Monday, December 19, 2005

19. Miracle on Market Street

No one sends customers to Gimbel's anymore--because there is no more Gimbel's. The 1947 version of Miracle on 34th Street always reminds me of this; I can remember Gimbel's in Philadelphia--and later, in the malls of South Jersey. When I was a kid the economy of the Delaware Valley could support a startling number of department stores (all gone now, of course; for a quick eulogy for Philadelphia's past retail glory, go here): not just the King, John Wanamaker--with its giant eagle, the standard Center City meeting-place--but also Strawbridge and Clothier, Lit Brothers (with its impossible wrought iron facade on Market Street), Bamberger's (Macy's South, more or less) and of course Gimbel's. These were big fellows, filled with not just clothes but furniture and pharmaceuticals, fine china and pets--I can remember going up the escalator in Wanamaker's and hearing the distant "cheep" of canaries and Australian finches, and smelling the cedar chips for the hamsters. My mother was a bargain hound, always able to find that magic number: 75% off! We maneuvered through those stores like special forces on a search-and-purchase mission.

We'd troll Market Street, passing street-corner Santas, peeking at the department store versions--perched amid the greenery and dazzle of the toy floors--yes, entire floors of toys, with a monorail, I kid you not--circling one of them (Lit Brothers?). My confusion over all these Kringles became a Family Story, how I asked my Mom which one was the real Santa Claus, and she answered, "They're his helpers," allowing her forever after to affirm that she told the truth, that they did keep Christmas moving along--and also providing me with a pretty impressive image of elves, big strapping fellows dressed like the Big Man among us, but back in their toy-making togs at the Pole. Everybody was happy, not the least of which the proprietors of all those city-within-a-city establishments.

I was particularly fond of Wanamaker's. Aside from the pets and toy floor, it also boasted a dual-level book store--the lower level was for paperbacks, in the '60s adding some posters. I remember it was adjacent to the beauty parlor, so for me paperback SF books always bring with them the whiff of hair sizzling under dryers. I still have most of those Ace Specials, Dells, and Bantams, as well as a number of other bargain finds: two massive coffee table books, one on Edward Hopper and the other a complete collection of the newspaper strip, Buck Rogers in the 25th Century ("with an introduction by Ray Bradbury"), as well as a number of film-related books, including paperback scripts of Monkey Business, Greed and A Clockwork Orange; I shopped there all the way through college. I've been currently re-reading another Wanamaker find, David Curtis' Experimental Cinema: A Fifty-Year Evolution, published in 1971. I got it on sale--the price sticker is still on it--fifty-nine cents!--so I must've bought it a few years later, maybe when I was a senior in high school or starting college. Old friends, together forever.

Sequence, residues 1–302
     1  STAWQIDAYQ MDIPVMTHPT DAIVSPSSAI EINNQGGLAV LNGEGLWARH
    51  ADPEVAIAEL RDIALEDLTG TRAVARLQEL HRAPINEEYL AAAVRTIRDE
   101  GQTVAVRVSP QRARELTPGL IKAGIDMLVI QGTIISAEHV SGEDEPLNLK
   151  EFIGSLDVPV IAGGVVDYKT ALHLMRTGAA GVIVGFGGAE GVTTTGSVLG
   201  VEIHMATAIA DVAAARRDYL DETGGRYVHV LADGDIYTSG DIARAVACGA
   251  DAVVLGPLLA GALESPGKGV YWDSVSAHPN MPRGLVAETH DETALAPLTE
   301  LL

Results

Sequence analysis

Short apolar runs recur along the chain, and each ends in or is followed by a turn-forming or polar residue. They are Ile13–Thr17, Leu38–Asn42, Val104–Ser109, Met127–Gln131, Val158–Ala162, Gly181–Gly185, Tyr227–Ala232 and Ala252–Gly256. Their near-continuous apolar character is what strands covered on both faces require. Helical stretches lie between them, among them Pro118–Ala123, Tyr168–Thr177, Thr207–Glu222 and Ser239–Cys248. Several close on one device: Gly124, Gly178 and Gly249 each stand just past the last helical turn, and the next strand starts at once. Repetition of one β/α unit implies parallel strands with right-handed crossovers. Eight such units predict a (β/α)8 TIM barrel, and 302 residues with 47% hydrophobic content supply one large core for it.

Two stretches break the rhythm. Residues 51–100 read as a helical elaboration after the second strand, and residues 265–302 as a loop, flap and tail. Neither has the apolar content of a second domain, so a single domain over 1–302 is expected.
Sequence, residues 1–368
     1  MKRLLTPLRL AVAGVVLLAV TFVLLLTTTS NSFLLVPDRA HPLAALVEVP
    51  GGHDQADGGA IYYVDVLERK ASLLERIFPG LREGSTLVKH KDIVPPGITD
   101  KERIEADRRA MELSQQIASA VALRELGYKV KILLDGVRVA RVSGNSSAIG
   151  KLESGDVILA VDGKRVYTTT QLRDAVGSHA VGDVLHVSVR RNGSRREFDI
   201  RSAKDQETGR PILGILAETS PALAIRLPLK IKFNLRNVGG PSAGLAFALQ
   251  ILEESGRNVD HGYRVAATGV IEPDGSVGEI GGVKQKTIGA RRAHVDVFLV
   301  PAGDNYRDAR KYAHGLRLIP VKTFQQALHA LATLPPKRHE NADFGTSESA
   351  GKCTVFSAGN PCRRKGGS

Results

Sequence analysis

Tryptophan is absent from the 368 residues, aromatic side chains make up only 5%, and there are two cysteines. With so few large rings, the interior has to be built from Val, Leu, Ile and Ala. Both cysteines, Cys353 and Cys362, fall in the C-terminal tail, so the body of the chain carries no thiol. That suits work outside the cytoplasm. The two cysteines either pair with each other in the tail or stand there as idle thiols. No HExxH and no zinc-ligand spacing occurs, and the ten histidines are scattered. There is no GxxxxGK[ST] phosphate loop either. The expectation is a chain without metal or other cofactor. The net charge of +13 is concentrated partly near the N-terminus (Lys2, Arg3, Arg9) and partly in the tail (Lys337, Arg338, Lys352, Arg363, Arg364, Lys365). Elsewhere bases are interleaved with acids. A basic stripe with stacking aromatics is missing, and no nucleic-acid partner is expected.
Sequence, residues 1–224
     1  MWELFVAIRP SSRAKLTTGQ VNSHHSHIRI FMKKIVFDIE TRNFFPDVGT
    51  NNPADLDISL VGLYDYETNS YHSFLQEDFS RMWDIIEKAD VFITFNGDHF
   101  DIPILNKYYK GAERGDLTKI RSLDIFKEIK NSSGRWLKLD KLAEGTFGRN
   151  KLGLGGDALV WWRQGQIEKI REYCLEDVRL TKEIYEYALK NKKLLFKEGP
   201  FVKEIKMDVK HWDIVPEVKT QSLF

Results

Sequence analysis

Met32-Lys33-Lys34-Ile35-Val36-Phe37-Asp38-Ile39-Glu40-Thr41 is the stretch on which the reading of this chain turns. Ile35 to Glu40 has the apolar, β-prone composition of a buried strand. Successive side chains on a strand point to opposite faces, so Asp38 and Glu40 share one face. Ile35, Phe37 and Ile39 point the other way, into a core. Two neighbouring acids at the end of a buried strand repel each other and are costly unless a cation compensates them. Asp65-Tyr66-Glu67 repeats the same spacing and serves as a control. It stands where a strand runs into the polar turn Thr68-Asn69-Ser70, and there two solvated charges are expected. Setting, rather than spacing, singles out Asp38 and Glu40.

So I have a special fondness for Miracle on 34th Street, with its comforting black and white glimpses of the Lost World of my childhood. But more than that, I get suckered in every year by Edmund Gwenn's and Natalie Wood's performances. When Gwenn lifts the little war orphan to his lap and speaks Dutch with her, ending with a song--about himself, of course, soft and yet affirmative, I fall apart. That right jolly old elf knew what he was doing; jeez, he even kept me from panicking during Them! (1954), calmly laying out the giant-ant apocalypse scenario, and how best to avoid it. A man of many talents, all of them directed toward the innocent--there's a little traumatized girl in Them! who, for my purposes, looks a bit like Natalie Wood.

And of course there's Wood's little jaw-jutting, scowling, puzzled, finally--I think with some relief on her part--widely smiling face, as the reasonable world slips away and Christmas asks her, and her startled mother--ah, Maureen O'Hara; somebody give that casting director a raise--to say Yes, like reformed Blue Meanies, and accept a fond dream. While It's a Wonderful Life and A Christmas Story achieve perfection, there is more than enough room at the table for Miracle on 34th Street. Just ask Thelma Ritter, whose befuddled shopper is slow to follow Kris' lead, but agrees to play along, if only because it means her kid's happy.

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